Chagall recreated Vitebsk many times over during his first year in Paris. In his autobiography, My Life 1922, he wrote ‘Why do I always paint Vitebsk? … with these pictures I create my own reality for myself, I recreate my home.’ Many thousands of miles away from Russia, Chagall’s imaginative reworking of his home city blended reality and fantasy and proved an elaborate means by which to retain his links with home.

In Paris, Chagall came to be respected and admired for his whimsical and off-kilter paintings that presented recognisable elements from Russian Jewish life in a vibrant new fashion. He explored the major museums – including the Louvre – soaked up the cosmopolitan milieu, and coolly assessed the dominant artistic trends of the day, taking from them only what was useful for the development of his art. Despite this process of assimilation, Chagall neither embraced the drive towards abstraction nor took any immediate inspiration from his new metropolitan surroundings. Rather, he looked backwards to what he had left behind.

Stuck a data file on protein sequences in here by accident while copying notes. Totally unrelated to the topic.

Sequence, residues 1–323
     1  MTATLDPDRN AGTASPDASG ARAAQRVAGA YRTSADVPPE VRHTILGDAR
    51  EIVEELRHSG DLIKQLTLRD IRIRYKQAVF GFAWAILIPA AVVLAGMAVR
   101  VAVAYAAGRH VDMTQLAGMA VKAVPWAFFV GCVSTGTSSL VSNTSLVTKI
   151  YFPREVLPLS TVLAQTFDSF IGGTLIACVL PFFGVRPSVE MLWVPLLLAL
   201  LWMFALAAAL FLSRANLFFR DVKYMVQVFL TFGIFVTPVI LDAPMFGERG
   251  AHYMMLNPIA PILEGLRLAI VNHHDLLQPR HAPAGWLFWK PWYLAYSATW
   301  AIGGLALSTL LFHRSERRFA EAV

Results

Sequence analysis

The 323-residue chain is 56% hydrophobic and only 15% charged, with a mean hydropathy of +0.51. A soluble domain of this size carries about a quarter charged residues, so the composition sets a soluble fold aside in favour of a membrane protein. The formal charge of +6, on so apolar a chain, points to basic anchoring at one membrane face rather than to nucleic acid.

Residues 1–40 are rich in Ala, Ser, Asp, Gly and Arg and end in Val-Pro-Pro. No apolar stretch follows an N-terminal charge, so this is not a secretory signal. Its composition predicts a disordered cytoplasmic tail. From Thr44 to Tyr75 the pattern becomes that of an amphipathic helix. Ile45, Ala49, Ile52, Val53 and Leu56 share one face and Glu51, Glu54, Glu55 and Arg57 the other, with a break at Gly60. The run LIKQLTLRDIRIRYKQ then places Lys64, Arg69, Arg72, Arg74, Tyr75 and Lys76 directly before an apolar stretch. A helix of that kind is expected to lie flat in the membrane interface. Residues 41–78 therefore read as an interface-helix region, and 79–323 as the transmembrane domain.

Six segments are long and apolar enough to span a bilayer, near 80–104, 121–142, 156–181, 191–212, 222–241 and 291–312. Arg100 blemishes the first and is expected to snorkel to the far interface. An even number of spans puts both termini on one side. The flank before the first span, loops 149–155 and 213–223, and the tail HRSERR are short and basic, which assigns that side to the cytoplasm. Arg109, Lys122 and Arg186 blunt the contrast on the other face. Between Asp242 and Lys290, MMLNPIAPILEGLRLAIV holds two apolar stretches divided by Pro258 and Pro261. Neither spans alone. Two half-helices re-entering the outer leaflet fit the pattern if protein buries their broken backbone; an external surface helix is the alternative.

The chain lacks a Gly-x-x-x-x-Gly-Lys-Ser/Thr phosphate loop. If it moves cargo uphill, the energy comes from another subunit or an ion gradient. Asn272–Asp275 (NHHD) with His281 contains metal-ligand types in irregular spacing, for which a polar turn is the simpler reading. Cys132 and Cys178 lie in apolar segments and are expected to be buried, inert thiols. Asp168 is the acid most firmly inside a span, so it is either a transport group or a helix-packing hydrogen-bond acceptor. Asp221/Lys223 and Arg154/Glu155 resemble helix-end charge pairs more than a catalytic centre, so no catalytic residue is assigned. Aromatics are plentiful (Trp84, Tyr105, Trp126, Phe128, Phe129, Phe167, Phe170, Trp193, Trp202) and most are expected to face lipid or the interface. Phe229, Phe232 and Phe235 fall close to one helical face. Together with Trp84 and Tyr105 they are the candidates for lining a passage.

Chagall believed that art’s primary function was to interpret the world through iconography and allegory. He had total faith in the power of the image, and from around 1911 began to introduce metaphor into his work. Unlike other artists at this time in Paris, Chagall didn’t question the theoretical and material limits of painting – he simply got on with it, crafting his paintings with immaculate technique and energetic brushwork.